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Fertility Problems? Check Your Thyroid

By on September 21, 2017
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You’ve just turned 30, you’ve been trying to conceive for seven months, and every time you visit, your parents anxiously ask about the “next step”. As you lay your head against your pillow at night, you can almost hear the sound of your biological clock ticking…tick tock. Your physical exam, blood work and your husband’s semen analysis have all come back normal, so what’s the problem? Why aren’t we pregnant yet?

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Infertility is defined as the inability to conceive after a period of 12 months of unprotected intercourse in a woman of reproductive age, or after a period of 6 months if the woman is 35 or older. Many couples are challenged with the ability to conceive and wind up feeling extremely frustrated and defeated. Did you know that 1 in 6 couples in Canada experience infertility and this number has doubled since the 1980’s! You’re not alone if this is something you are currently struggling with.  There are so many factors that play a role in the ability to conceive including hormones, disease, immune function, weight, nutrient status, toxicity, lifestyle and stress. One factor that comes up often in my practice is the function of the thyroid gland.

Thyroid Gland?

The thyroid is a butterfly shaped gland located at the front of the neck with two lobes located on either side of the trachea (windpipe). It’s responsible for regulating metabolism but also plays a role in brain development, breathing, heart and nervous system functions, body temperature, muscle strength, skin dryness, menstrual cycles, weight and cholesterol levels.

Thyroid hormone plays a role in reproductive health, helping with ovulation, maintaining the thickness of your uterine lining and successful implantation.  During pregnancy, the production of thyroid hormone plays a key role in the development of the fetus. Thus, normal levels of thyroid hormone play an important role in getting pregnant and maintaining a viable pregnancy, reducing the risk of miscarriage.


When your thyroid gland doesn’t produce enough thyroid hormone, it can prevent you from ovulating.  It’s one of the potential causes for irregular menstruation. An insufficient amount of T3 and T4 thyroid hormones can disrupt the careful orchestration of hormones that’s necessary for fertilizing an egg. Furthermore, low thyroid hormones will lower your basal body temperature, making it hard for rapid cell division needed by the embryo.

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How do you know if the thyroid is an issue?

Have your practitioner test for three things in your blood: TSH, T4 and T3. The thyroid gland produces thyroid hormones T4 and T3. TSH, or thyroid stimulating hormone, is released by the pituitary gland when there are low blood levels of T4 and T3. TSH tells the thyroid to produce more T4 and T3.  A variety of factors, including genetics, stress, toxins, nutrient deficiencies, liver disease and hormonal imbalances can interfere with thyroid hormone production and can even disrupt the signals between your brain and thyroid gland, which can lead to hypothyroidism.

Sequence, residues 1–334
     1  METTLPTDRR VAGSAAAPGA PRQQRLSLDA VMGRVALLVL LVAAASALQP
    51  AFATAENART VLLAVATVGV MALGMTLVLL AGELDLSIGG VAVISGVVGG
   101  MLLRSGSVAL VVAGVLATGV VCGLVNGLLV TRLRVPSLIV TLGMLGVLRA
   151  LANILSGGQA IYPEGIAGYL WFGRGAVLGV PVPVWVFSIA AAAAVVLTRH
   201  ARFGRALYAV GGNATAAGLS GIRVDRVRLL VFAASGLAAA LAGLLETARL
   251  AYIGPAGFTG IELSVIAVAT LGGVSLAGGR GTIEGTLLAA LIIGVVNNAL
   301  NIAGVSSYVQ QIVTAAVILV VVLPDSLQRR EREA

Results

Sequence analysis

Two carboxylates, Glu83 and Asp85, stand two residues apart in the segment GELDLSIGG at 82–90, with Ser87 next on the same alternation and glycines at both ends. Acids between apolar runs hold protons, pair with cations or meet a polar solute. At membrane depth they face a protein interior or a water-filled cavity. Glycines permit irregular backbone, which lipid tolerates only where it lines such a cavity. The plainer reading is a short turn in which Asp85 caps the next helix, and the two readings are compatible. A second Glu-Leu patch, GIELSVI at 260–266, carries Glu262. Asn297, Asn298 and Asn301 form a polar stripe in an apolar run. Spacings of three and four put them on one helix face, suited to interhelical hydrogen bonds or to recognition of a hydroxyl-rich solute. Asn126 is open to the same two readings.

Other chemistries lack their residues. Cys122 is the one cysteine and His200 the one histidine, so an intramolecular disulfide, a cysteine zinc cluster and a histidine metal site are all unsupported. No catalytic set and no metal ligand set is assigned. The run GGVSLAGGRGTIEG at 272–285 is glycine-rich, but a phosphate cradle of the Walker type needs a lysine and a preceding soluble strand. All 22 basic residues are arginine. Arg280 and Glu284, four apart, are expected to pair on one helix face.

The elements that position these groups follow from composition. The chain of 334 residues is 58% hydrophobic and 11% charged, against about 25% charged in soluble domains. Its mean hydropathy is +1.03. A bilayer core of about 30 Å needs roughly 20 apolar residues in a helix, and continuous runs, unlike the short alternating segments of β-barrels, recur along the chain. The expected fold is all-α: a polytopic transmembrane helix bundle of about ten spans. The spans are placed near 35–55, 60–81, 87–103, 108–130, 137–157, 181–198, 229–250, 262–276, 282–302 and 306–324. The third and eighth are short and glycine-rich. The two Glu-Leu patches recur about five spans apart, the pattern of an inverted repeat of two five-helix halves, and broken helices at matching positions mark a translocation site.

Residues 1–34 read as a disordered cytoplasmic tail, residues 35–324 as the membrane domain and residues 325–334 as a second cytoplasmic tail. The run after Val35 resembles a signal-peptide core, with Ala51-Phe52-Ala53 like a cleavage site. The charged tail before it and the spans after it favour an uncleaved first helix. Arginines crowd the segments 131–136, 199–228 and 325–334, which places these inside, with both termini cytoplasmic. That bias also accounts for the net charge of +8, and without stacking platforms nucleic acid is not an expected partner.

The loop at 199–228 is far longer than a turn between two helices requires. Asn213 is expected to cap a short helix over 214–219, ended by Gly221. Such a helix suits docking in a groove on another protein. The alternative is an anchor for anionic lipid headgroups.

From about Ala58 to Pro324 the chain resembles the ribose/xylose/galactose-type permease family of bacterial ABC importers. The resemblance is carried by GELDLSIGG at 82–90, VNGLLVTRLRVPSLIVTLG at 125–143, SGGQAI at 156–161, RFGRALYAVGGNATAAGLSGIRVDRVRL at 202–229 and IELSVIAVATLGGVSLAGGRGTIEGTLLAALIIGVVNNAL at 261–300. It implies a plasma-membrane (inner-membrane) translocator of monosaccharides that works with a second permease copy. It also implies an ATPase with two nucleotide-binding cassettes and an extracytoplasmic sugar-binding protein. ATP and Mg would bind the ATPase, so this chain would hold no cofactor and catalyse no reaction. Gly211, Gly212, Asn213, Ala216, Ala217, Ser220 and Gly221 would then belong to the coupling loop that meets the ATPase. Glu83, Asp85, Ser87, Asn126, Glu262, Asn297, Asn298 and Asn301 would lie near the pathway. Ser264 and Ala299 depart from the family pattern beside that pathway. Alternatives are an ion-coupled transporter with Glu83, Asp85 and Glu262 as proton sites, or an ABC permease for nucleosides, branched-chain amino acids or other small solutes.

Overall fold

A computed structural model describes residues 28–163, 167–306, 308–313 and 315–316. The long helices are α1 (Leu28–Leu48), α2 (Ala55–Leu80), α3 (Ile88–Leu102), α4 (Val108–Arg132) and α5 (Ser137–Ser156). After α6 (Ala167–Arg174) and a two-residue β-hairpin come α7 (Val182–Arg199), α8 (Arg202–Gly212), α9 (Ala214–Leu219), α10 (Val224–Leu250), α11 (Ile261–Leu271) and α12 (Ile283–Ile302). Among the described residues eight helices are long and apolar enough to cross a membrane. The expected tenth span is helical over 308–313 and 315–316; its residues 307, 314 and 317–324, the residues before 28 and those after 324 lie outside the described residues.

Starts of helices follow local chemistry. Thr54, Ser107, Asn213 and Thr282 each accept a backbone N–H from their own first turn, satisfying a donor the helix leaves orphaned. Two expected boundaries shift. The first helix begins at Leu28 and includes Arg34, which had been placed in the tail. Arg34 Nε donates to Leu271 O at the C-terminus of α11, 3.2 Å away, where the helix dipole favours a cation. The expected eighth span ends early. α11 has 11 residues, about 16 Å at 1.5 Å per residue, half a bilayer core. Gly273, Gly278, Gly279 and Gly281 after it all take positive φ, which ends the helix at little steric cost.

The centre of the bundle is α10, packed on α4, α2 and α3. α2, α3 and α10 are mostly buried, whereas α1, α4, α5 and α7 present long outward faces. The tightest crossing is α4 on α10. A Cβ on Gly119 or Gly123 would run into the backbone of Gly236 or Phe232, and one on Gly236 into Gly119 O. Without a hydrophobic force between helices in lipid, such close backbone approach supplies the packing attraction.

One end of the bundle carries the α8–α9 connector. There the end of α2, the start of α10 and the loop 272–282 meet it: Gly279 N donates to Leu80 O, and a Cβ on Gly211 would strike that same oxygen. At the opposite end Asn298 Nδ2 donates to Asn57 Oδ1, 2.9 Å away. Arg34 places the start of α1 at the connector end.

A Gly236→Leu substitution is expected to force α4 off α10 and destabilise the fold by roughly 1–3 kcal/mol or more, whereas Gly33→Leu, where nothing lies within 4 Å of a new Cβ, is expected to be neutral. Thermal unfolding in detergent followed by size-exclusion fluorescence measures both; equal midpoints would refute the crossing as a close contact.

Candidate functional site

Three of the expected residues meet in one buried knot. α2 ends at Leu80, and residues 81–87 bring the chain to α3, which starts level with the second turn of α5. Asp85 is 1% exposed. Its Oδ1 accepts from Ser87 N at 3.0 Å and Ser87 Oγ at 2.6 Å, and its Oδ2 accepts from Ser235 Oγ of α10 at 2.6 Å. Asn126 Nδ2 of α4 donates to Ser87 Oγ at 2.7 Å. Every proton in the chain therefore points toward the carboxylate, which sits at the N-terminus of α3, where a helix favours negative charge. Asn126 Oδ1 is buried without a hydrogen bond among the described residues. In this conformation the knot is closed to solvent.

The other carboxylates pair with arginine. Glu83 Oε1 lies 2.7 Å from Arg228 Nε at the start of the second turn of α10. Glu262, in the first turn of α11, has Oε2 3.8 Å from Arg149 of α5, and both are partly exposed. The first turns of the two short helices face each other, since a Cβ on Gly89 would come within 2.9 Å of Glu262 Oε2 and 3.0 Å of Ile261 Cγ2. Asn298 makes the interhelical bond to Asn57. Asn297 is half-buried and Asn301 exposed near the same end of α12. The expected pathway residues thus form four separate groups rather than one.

A blood test that indicates hypothyroidism might show high levels of TSH and low levels of T4 and T3.

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What if your tests come back normal? Could it still be thyroid related?

It can still be a thyroid problem! First, take a closer look at the result of your TSH. Beside that result should be a reference range of what is considered normal. For TSH, that range is between 0.5 to 6 mIU/L.  However, this reference range for a normal value is actually too broad.

In 2003, the American Association of Clinical Endocrinologists suggested that treatment should be considered with TSH values outside a reference range of 0.3-3 mIU/L. Therefore a lot of people have undiagnosed thyroid problems. If your result is close to the end of the range, you may have a subclinical thyroid issue.

If you still suspect an issue with your thyroid, you can evaluate the overall function of the thyroid gland by measuring your basal body temperature every morning for a month. This sometimes provides more information about how your thyroid is functioning over a period of time rather than just a snapshot in time with blood work.

Why are we seeing more thyroid issues?

The endocrine system in your body is tightly interwoven. The thyroid gland, adrenal gland and ovaries work in concert to affect the body. Think of these three endocrine glands functioning as a harmonized unit in a beautiful love triangle (this is one love triangle that should not be broken!). When one gland’s hormone production is out of balance, the others are affected too.

A common culprit is chronic stress from our modern lifestyle. Chronic stress will take a toll on our adrenal glands causing a ripple effect on the thyroid. This hinders thyroid function, leading to an underactive thyroid and a sluggish fertile environment.

Dr. Nadia Lamanna is a licensed Naturopathic Doctor and Medical Advisor & Educator at CanPrev & Orange Naturals. Nadia has also maintained a private practice for over 5 years at Precision Health & Wellness in Richmond Hill..

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